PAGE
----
Growing a living privacy fence from is often the cheapest way to create a fence around your property. Plus, they are often more pleasing to the eye than traditional privacy fences. All you need are seeds, water, sunlight, and some TLC. Here are some of the different kinds of living privacy fences you can grow.
The most iconic living fence is the conifer evergreen hedge. The most striking examples can be seen in the European hedge mazes of Villa Pisani and Longleat House. Evergreen hedges have the advantage of staying green all year, even in Northern winters. The most popular conifer varieties are yew, leylandii, and thuja picata.
Non-conifer evergreen hedges are also used. The laurels, viburnum tinus, and boxwood can maintain privacy year-round and can survive at temperatures down to 59°F. Hedge plants like the Californian lilac and rose bushes can be trained for a colorful perimeter. The semi-evergreen privets are a popular choice for low-latitudes. Popular deciduous hedges are beech and hornbeam, but these of course lose their leaves and reduce your privacy in the winter.
Hedge bushes are fast growing and the growth rate is variable between species and climates. A hedge row will take between two and ten years to fully mature at 6 ft. depending on the species. The yew is notoriously slow growing while the privet can grow up to three feet per year. Consider how long you’re willing to wait when choosing your hedge.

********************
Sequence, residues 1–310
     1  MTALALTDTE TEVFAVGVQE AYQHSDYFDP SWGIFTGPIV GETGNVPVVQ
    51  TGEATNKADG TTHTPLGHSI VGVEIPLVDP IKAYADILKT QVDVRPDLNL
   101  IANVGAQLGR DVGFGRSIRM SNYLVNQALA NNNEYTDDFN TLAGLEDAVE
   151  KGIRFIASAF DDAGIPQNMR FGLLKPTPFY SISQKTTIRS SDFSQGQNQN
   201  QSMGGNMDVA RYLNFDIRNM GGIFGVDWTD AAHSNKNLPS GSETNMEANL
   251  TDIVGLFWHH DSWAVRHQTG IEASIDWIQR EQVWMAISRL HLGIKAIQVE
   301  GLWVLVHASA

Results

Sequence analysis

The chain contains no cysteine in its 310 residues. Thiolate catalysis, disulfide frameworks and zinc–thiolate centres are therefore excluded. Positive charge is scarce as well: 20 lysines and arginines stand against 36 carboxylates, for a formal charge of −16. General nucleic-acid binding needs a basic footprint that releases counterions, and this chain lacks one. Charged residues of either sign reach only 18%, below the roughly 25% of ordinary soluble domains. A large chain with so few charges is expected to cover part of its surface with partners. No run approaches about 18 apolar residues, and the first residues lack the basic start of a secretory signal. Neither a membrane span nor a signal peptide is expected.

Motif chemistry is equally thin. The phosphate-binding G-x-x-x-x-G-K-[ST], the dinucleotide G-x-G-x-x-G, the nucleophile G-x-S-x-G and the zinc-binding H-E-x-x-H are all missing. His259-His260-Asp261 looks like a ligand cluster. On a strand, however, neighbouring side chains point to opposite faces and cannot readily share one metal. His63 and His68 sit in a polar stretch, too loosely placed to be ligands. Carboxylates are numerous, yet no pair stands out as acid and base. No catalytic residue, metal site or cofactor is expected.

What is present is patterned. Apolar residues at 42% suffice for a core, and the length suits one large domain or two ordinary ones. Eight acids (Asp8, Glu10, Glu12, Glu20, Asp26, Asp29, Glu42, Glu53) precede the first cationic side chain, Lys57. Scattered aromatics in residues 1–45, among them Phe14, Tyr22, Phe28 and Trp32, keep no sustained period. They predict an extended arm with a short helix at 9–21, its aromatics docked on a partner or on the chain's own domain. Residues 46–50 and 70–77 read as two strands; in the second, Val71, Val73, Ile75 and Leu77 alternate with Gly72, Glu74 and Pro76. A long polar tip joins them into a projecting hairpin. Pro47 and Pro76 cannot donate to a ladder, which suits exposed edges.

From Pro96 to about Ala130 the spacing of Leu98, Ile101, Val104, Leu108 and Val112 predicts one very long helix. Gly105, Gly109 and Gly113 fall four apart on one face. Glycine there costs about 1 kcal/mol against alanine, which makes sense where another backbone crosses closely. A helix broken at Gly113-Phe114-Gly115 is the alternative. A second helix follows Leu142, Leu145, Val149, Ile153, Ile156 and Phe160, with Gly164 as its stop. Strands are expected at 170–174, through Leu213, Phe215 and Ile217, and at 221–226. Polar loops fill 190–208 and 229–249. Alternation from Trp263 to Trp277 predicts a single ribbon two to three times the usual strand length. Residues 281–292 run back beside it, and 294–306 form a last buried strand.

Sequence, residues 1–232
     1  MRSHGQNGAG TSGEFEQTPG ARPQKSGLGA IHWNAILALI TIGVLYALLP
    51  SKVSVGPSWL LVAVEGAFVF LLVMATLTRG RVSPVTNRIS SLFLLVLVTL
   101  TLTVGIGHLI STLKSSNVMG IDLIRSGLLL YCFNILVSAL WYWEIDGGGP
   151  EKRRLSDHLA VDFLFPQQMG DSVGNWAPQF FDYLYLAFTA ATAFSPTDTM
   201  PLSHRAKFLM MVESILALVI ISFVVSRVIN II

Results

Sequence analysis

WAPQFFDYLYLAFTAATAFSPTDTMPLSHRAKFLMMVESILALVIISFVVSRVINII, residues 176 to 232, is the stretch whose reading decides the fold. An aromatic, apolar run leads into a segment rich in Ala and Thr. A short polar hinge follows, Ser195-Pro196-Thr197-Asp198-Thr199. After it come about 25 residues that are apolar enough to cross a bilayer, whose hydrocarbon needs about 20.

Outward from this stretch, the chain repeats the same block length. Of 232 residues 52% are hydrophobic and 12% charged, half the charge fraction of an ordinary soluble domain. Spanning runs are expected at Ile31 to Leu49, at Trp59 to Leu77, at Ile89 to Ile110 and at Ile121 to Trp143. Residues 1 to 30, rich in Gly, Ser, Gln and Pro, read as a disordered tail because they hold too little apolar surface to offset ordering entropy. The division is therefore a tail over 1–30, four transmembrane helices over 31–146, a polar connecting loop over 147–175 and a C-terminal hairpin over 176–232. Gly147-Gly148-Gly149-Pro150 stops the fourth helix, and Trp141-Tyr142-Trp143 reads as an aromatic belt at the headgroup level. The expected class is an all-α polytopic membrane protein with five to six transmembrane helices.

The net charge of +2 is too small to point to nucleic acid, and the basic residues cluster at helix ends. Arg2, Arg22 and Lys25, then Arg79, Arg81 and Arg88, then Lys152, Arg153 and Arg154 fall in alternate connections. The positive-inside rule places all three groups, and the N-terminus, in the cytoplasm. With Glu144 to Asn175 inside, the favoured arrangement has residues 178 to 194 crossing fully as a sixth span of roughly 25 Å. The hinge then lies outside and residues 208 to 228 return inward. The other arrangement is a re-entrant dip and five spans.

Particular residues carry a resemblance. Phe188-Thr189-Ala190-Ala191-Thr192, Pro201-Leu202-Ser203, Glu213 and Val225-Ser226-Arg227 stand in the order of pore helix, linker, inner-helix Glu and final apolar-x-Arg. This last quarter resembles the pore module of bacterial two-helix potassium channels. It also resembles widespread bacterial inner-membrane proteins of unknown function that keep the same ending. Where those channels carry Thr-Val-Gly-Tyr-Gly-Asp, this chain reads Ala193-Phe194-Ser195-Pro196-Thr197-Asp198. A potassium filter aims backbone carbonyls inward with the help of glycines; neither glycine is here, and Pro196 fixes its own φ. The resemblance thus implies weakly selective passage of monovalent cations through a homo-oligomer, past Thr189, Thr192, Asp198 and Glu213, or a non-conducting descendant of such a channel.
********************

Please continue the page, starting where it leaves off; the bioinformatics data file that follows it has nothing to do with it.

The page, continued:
An easy, low maintenance way to create a living privacy fence is to plant trees. Italian Cypress, Spartan Juniper, and Pencil Holly are all cultivars bred for a dense growth pattern. Privacy pines can be the quickest and easiest way to create a living fence.
This is an ancient technique of weaving saplings to create a very strong, but visually less dense, hedge. This method requires planting an even row of willow saplings, laying support wires, and pruning off the branches. The young saplings can then be woven, similar to a reed basket, creating a barrier even stronger than picket fences when mature. The cross-hatched base can even be co-planted with curling vines like ivy. This is usually the most labor-intensive fence type and the slowest growing.
Choosing the Right Living Privacy Fence
Striking the balance between growth rate, labor, and aesthetics depends on the each individual; there is no perfect selection, and it’s a matter of taste. Of the scores of plant types available, the climate and soil conditions of each location will help narrow the field. Living fences can range from simple narrow conifers (plant and forget) to intricately manicured topiary in the style of English Gardens. Woven saplings provide a crafty and challenging option for the intrepid gardener but their relatively airy looking and afford less privacy than dense evergreen hedges.